Holiday

Posted on December 13, 2002 at 5:17 am

After a whirlwind romance at a ski resort, Johnny Case (Cary Grant) is on his way to meet his new fiancée, Julia Seton (Doris Nolan). Overwhelmed by the mansion at the address she gave him, he assumes she must be on the staff, and goes to the back door to ask about her. But she is the daughter of the wealthy and distinguished family that occupies the house. He is surprised and amused, and enjoys meeting Julia’s sister Linda (Katherine Hepburn) and brother Ned (Lew Ayres). They promise to help him win over their father, who is likely to object to the engagement, because Johnny is not from an upper-class wealthy family.

Johnny is a poor boy who has worked hard and done very well. Julia likes him because she sees a similarity to her grandfather, who made a fortune. She wants him to do the same, and tells him, “There’s nothing more exciting than making money.” But Johnny, who has just taken the first vacation of his life, only wants to make enough so that he can take a “holiday,” to “find out why I’ve been working.” As the movie begins, he is about to achieve that goal.

Linda thinks this is a great idea. She is something of an outsider in the family, forsaking the huge formal rooms of the mansion for one cozy place upstairs, which she calls “the only home I’ve got.” She tries to persuade Julia and their father that Johnny is right. Even though he completes the deal that gives him enough for his holiday, Johnny gives in and promises Julia to try it her way, and go to work for her father for a while. As her father presents them with a honeymoon itinerary and explains he is arranging for a house and servants for them, Johnny balks. He knows that if he accepts all of this, he will never be able to walk away from it. Julia breaks the engagement, and Linda joins Johnny on his holiday.

Kids should talk about why it was so important to Linda that she be allowed to give the engagement party. Why did Johnny change his mind about trying it Julia’s way? If you were going to take a holiday, what would you do? Remember, this is more than a vacation, it is more like a journey of discovery. Where would you go? What would you hope to find? How do you think people decide what jobs they want to have? Ask your parents what they thought about in choosing their jobs, and whether they ever took (or wanted to take) a “holiday.” What do you think Johhny will do at the end of his holiday? If Linda thought making money was exciting, why didn’t she want to do it herself?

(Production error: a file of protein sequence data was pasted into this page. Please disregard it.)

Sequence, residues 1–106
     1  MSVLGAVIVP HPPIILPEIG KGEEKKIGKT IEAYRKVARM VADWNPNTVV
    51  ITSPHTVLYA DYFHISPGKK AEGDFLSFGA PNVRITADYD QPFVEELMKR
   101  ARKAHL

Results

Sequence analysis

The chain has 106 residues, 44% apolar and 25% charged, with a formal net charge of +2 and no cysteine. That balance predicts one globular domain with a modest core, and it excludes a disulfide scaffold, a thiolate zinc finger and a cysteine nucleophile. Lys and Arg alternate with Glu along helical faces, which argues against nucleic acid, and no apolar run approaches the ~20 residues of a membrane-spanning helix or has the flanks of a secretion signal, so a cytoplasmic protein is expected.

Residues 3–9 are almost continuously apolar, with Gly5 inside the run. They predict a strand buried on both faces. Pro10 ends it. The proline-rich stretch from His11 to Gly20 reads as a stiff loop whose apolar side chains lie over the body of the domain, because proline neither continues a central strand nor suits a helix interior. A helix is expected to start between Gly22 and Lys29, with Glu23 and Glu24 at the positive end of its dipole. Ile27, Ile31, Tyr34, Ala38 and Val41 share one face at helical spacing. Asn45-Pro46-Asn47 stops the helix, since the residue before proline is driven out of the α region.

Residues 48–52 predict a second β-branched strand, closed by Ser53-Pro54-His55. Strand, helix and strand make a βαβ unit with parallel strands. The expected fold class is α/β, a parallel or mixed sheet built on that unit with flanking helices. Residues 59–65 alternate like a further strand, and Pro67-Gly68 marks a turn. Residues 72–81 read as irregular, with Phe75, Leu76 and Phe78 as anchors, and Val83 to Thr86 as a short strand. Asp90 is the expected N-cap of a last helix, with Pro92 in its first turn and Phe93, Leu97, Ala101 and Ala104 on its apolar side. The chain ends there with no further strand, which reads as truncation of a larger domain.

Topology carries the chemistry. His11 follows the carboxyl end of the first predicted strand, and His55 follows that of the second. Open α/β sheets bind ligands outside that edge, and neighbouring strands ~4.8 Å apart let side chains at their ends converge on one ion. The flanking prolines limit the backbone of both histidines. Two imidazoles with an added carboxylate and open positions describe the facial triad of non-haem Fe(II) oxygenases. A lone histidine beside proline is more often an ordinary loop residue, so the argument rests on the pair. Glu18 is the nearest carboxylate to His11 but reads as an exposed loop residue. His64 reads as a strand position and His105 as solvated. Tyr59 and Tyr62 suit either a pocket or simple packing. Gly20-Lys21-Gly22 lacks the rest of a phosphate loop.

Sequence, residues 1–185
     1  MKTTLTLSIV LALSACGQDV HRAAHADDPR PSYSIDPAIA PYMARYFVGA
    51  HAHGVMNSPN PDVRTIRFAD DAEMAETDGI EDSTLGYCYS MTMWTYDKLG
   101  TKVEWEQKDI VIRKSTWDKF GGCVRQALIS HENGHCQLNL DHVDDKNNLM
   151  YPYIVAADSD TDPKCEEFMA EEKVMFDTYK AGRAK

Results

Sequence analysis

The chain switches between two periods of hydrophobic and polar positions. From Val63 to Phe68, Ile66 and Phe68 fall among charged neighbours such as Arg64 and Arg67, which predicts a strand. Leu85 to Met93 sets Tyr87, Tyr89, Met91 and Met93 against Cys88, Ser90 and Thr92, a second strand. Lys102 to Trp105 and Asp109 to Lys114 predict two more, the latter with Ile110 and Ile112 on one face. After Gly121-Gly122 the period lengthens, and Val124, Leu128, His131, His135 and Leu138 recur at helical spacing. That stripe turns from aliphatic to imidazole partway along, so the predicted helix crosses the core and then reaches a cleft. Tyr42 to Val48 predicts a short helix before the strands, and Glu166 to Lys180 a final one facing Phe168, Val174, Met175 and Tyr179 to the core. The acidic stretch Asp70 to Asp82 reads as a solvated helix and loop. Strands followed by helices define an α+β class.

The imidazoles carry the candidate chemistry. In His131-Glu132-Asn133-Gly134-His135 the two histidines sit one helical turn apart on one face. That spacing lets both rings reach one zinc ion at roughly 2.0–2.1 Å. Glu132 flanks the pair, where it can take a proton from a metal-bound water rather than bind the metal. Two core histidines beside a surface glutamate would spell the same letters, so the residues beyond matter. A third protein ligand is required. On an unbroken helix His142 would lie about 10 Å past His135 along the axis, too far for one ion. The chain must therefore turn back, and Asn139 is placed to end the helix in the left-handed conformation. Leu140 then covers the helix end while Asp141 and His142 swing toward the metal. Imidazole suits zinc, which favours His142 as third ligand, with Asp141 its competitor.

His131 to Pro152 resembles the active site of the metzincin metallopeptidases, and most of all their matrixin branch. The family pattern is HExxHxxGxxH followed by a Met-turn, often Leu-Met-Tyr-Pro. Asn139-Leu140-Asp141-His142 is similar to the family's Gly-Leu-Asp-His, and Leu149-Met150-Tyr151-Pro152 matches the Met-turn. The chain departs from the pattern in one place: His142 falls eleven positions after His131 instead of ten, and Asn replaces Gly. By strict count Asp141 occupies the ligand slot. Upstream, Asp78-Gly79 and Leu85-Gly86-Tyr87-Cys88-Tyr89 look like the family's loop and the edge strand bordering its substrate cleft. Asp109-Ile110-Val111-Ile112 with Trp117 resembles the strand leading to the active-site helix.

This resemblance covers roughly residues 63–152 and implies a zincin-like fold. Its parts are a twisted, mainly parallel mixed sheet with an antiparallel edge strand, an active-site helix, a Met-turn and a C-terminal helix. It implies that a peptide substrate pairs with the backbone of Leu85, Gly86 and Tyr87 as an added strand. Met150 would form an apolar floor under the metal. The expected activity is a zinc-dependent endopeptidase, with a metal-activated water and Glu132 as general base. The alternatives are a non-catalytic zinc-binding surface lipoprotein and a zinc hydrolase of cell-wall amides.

Many kids will identify with the feeling of wanting to take a holiday, to step back from daily life and study the larger picture. The idea that other things are more important than making money and living according to traditional standards of success may also have some appeal. This is a good opportunity to talk with them about what success really means, and about finding the definition within yourself instead of putting too much weight on the definitions of others. There is nothing inherently wrong with making a fortune, of course, just as there is nothing inherently wrThis movie has two exceptionally appealing characters in Johnny’s friends the Potters, played by Jean Dixon and Edward Everett Horton. Their kindness and wisdom contrasts with the superficial values of the Seton family.

Cary Grant began in show business as an acrobat, and you can see him show off some of that prowess in this movie. The same stars, director, author and scriptwriter worked on another classic, “The Philadelphia Story.”

 

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Peter Pan

Posted on December 13, 2002 at 5:17 am

B+
Lowest Recommended Age: Kindergarten - 3rd Grade
Profanity: None
Alcohol/ Drugs: None
Violence/ Scariness: Characters in peril; a swordfight
Diversity Issues: Sexist comments about girls, insensitive comments about Indians
Date Released to Theaters: 1953
Date Released to DVD: February 4, 2013
Amazon.com ASIN: B00A0MJ9ZA